Defrag and reboot? Consolidating information and communication technology research in I-O psychology

Xinyu Judy Hu, Larissa K. Barber, Youngah Park, Arla Day

Research output: Contribution to journalReview articlepeer-review


Several decades of research have addressed the role of information and communication technologies (ICTs) in industrial-organizational (I-O) psychology. However, segmented research streams with myriad terminologies run the risk of construct proliferation and lack an integrated theoretical justification of the contributions of ICT concepts. Therefore, by identifying important trends and reflecting on key constructs, findings, and theories, our review seeks to determine whether a compelling case can be made for the uniqueness of ICT-related concepts in studying employee and performance in I-O psychology. Two major themes emerge from our review of the ICT literature: (a) a technology behavior perspective and (b) a technology experience perspective. The technology behavior perspective with three subcategories (the where of work design, the when of work extension, and the what of work inattention) explores how individual technology use can be informative for predicting employee well-being and performance. The technology experience perspective theme with two subcategories (the how of ICT appraisals and why of motives) emphasizes unique psychological (as opposed to behavioral) experiences arising from the technological work context. Based on this review, we outline key challenges of current ICT research perspectives and opportunities for further enhancing our understanding of technological implications for individual workers and organizations.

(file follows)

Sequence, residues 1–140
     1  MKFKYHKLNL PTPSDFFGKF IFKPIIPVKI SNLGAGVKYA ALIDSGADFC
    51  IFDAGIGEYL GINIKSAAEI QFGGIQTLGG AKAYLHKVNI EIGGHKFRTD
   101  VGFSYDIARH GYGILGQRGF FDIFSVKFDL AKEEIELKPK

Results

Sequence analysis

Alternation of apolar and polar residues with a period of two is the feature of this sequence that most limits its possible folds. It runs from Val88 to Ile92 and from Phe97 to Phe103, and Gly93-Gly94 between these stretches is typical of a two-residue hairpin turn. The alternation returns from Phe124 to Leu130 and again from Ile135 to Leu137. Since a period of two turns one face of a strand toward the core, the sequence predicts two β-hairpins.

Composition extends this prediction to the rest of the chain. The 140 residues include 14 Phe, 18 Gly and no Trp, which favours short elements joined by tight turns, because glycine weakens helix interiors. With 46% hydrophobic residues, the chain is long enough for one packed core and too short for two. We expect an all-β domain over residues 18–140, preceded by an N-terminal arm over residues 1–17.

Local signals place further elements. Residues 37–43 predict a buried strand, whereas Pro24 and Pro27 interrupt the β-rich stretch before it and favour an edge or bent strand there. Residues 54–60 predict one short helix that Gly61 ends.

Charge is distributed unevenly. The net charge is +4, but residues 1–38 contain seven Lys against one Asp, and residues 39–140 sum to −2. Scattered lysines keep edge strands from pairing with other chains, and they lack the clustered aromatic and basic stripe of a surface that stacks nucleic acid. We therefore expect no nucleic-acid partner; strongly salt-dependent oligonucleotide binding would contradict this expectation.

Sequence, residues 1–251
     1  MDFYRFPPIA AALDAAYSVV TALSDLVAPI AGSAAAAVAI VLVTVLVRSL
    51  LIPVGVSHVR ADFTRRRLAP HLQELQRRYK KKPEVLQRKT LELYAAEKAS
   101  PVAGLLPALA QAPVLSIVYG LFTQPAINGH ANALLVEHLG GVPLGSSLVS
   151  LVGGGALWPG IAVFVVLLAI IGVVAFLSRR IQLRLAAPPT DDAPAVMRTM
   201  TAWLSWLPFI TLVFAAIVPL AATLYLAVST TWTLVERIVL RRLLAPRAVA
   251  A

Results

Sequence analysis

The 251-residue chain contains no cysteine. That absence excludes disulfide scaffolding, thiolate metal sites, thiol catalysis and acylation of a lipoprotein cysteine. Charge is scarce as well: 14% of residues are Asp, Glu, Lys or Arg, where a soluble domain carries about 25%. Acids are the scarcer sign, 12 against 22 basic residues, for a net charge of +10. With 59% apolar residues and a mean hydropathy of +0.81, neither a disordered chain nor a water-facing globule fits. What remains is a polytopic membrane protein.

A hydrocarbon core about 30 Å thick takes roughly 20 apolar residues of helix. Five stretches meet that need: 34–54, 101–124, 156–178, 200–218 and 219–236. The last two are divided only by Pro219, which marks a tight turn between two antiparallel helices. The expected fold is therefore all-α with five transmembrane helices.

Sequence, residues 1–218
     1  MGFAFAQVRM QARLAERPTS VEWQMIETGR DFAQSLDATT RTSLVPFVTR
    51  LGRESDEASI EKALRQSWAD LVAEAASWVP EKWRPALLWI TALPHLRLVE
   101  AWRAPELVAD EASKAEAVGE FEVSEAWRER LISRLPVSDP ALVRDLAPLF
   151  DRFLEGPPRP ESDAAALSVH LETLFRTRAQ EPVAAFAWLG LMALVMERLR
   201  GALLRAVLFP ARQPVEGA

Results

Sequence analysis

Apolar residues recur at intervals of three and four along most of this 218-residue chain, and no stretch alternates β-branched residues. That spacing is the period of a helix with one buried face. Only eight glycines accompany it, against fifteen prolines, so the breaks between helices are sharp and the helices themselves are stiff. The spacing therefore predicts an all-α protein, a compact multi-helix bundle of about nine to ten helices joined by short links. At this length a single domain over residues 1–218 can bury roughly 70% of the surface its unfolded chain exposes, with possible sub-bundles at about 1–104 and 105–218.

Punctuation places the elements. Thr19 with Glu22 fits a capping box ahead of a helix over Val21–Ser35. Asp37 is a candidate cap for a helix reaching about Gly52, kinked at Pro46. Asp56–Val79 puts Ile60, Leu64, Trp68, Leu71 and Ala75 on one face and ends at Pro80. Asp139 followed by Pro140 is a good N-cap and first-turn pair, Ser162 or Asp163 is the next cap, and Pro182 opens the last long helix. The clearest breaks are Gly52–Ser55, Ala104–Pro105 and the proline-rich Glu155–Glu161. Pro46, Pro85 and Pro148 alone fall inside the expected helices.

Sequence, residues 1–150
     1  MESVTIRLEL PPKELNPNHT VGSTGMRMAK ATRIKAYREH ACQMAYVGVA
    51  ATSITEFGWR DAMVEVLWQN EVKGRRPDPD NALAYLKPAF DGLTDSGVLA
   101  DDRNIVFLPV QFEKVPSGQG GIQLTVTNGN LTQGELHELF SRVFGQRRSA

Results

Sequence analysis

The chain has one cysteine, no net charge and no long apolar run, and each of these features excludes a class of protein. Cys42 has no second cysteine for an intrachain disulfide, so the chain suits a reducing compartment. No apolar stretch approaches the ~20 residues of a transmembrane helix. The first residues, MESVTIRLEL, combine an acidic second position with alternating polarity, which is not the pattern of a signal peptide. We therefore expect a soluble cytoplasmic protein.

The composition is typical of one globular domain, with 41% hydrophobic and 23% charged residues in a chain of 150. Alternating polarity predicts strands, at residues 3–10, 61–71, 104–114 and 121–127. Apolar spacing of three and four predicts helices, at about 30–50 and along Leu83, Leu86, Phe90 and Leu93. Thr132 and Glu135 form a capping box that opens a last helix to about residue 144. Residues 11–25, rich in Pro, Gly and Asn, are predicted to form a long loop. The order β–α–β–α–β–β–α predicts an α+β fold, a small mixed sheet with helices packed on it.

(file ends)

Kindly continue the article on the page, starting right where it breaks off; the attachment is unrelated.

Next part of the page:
Original languageEnglish (US)
Pages (from-to)371-396
Number of pages26
JournalIndustrial and Organizational Psychology
Issue number3
StatePublished - Sep 27 2021


  • Work technology
  • information and communication technology use
  • occupational health psychology
  • work performance
  • work stress
  • worker well-being

ASJC Scopus subject areas

  • Social Psychology
  • Applied Psychology


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